For what’s at stake? If fraternities were banned, kids would learn to stand on their own two feet, and be independent, not dependent on dumb group-think. They’d have to make connections for parties, dates, or for later work possibilities through the strengths of their personalities, and not through the BS-manufactured “strength” of being a member of this, or that, fraternity.
And they’d avoid being murdered.
Five members “brothers” of Pi Delta Psi, a fraternity for Asian-Americans, have been charged with homicide, third-degree murder charges. Oh, and so has the fraternity. The victim, teenager Chun Deng, a Baruch College student, went along with this gang, to a rented house in Pennsylvania for a weekend in December 2013. There, the brothers saddled the kid with a backpack containing 30 pounds of sand and, to make things fair, blindfolded him so he couldn’t defend himself against the tackles that followed.
Blunt-force head trauma and a death later, Charles Lai, Kenny Kwan, Raymond Lam, Daniel Li, and Sheldon Wong are in heck.
The ritual that razed Deng is known as “The Glass Ceiling.”
Pathetically and laughably, the fraternity, whose ostensible mission is to “...nurture and perpetuate the continual...development of the individual through Academic Achievement, Cultural Awareness, Righteousness, Friendship and Loyalty while fostering ethical behavior...” says it is going to investigate the young man’s death.
The group should focus on adhering to its mission. And, while they’re at it, stop killing. Anyway, the Pocono Mountain Regional Police and the Monroe County District Attorneys investigated, laid the above charges, and are thinking of charging more than 30 others with crimes ranging from criminal conspiracy, hindering apprehension and aggravated assault, to hazing.
The perpetrators didn’t call 911 and waited an eternal, unconceivable, two hours before taking the unconscious guy to the hospital. But they (allegedly) called Andy Meng, the now former-national President of the fraternity, six times. He (allegedly) texted back warning of fallout to the fraternity – and to hide fraternity symbols. Meng’s out on $50,000 bail.
The twisted twerps also googled the net to figure out what was wrong with the Vic (how super-dumb-thick-non-quick are these students?)
But, alas, the killer called political correctness also lurks and rules in parts of Baruch. Commented one Baruch student graduate - it was “...very unfortunate, I think, for all the parties that got involved...” How passive the voice, how massive the mistaken opinion. Using the word “unfortunate” is derogation from decency and a descent to leniency and lunacy that, unfortunately, fits in with our increasingly non-judgmental callow and shallow society.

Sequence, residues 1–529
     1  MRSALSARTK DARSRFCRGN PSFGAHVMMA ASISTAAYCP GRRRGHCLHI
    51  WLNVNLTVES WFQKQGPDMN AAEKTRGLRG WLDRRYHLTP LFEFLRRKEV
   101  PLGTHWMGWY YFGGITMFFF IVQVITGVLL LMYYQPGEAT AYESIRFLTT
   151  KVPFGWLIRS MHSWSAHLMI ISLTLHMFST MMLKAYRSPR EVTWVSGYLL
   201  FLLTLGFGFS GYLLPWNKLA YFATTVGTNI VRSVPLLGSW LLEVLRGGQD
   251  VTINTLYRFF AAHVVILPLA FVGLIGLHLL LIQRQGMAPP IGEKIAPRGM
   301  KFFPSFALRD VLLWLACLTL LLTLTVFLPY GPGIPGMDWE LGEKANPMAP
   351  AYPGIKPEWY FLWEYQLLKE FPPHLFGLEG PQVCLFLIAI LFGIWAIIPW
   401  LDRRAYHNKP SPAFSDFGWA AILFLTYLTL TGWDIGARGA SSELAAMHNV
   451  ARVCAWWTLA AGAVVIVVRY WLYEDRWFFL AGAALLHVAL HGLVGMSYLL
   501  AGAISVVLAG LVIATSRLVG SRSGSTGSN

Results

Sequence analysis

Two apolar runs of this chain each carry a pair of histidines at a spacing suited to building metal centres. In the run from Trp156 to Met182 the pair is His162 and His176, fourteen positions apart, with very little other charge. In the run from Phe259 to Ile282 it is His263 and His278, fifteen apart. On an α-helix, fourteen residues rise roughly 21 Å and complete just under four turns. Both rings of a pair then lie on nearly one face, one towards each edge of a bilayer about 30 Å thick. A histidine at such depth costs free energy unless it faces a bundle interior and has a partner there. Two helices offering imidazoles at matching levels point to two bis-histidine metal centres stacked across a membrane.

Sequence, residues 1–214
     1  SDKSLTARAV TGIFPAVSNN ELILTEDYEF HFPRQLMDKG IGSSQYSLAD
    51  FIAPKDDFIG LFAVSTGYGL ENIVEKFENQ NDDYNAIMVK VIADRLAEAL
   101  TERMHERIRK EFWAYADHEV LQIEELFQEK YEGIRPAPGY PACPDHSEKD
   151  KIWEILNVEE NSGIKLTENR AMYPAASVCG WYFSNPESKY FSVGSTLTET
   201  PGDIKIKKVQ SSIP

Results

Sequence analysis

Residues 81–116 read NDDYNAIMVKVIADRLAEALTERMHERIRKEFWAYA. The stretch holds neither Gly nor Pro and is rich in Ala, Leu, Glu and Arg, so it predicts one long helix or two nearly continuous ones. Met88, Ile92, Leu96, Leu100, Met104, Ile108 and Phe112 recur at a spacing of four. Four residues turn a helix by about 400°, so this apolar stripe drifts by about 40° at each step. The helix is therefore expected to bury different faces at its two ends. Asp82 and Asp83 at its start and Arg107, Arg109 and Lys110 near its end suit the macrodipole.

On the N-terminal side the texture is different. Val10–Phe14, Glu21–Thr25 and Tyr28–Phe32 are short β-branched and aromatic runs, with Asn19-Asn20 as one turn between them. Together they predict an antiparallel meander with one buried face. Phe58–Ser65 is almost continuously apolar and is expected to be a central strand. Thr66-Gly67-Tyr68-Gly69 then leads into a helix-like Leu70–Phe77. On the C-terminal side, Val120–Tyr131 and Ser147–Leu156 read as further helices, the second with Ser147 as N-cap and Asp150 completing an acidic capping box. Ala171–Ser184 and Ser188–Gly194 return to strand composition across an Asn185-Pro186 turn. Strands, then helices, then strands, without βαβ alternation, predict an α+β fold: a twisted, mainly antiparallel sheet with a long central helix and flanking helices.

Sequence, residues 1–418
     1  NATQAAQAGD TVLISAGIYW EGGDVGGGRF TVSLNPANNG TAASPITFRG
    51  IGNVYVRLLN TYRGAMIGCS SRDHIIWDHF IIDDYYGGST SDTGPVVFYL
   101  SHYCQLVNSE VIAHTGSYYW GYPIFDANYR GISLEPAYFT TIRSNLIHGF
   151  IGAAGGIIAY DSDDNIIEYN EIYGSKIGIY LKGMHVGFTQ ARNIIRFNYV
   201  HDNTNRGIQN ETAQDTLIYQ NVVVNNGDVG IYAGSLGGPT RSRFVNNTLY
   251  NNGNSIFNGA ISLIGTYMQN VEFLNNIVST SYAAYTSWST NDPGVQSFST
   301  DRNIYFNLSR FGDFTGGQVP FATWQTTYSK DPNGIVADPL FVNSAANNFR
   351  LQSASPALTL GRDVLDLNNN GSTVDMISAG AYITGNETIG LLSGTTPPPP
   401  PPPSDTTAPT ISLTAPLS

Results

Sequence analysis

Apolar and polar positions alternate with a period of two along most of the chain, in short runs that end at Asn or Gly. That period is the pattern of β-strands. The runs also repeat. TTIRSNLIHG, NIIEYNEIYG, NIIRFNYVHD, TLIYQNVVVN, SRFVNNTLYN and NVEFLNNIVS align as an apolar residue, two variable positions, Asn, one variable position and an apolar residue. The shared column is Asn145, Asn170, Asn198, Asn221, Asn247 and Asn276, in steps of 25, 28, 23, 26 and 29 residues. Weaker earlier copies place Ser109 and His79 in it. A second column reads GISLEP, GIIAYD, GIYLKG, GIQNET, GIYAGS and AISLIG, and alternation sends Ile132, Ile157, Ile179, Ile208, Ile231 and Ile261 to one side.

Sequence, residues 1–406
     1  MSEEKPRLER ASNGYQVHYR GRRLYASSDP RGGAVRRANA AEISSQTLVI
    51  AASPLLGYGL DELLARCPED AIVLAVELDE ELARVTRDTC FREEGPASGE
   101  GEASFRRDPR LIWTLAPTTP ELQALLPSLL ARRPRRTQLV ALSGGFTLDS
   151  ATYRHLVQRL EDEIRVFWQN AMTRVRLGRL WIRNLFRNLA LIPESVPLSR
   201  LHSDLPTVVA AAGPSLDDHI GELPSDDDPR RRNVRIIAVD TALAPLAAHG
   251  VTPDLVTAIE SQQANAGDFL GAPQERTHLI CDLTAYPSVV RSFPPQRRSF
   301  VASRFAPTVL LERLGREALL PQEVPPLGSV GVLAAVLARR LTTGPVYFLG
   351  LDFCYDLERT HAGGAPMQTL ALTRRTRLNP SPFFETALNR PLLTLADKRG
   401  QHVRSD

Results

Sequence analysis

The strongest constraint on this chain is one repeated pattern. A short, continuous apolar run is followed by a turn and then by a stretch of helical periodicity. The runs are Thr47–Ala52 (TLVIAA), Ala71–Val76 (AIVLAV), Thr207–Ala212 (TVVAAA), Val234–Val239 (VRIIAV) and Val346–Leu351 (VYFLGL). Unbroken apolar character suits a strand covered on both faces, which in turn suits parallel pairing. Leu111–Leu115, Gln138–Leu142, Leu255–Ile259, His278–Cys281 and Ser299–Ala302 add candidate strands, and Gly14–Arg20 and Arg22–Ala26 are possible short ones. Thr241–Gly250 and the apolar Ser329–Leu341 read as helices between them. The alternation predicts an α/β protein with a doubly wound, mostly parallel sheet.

Baruch College, for its part, should hopefully be dazed. “Ethical sensibility” part of its Mission went AWOL. And the Deng family is suing the school for $25 million.
Baruch has permanently disbanded the fraternity’s local chapter from its school and “brought disciplinary proceedings ...” Oooooh, sounds like the movie Animal House and Dean Wormer’s DOUBLE SECRET PROBATION against the Delta Tau Chi Fraternity.
And what a disgrace, frat-rats referring to each other as brother, in the whole liberty, equality, fraternity shtick. Sure, brothers do terrible things to each other: knee each other, stab each other, shoot each other - when they are under 10, and the knives and guns are plastic - but brothers 18 and up, and pledges, should have learned manners, and restraint.
But lest we think men are the only demons in this hazing horribleness, sororities have devils - masquerading as women - if the sick stories of forced chugging of booze, drinking near-black water, being denied bathroom access, being whacked with paddles, and being forced to hold hot coals, are to be believed.
Given that most students are wusses, usually of a lefty-liberal bent, who get the vapors and get bent out of shape if they hear even a little bit of a contrary idea, (God forbid, they hear a conservative one) joining a fraternity and engaging in hazing may be their only chance to act out. This may be the one last bastion that permits offensive behavior.
Remember, being offended is, nowadays, nearly a crime on campuses. Shunned and slammed as non-inclusive or insensitive are acts of clapping, being graded for poor grammar, writing the word “crazy” – it’s ableist - serving burritos in a non-culturally sensitive way, having too many white musicians in a band that play Afrobeat music – it’s cultural appropriation. So we have these coddled, spoiled, immature kids raised and watched over by helicopter parents mixed up with fraternities and their killers. Granted, thought conformity still holds in a fraternity, but they also get a lack of diversity in ethnicity, in Pi Delta Psi for example, being of Asian-American background(s) – which is another horror that campuses try to prevent. Here, if they survive the hazing ritual, they can feel safe among their own...
The first fraternity was created in the States around 1776 when William and Mary in Virginia formed the Phi Beta Kappa Society. Debating was its mainstay. While some may view that as hazing, real fraternity hazings came later.
Despite hazing being illegal in 44 states, what is sure to kill off hazing once and for all, in all states, is the trend in elementary schools to creating a super-wimpy child, useless and unprepared for life’s hard knocks. The Mercer School District in Seattle has banned tag. It’s too”...physically and emotionally dangerous.” Now if making tag taboo, spreads, this stupid reaction to a kids’ game might have one benefit: how long can it be before hazing legally - and culturally - goes taboo too?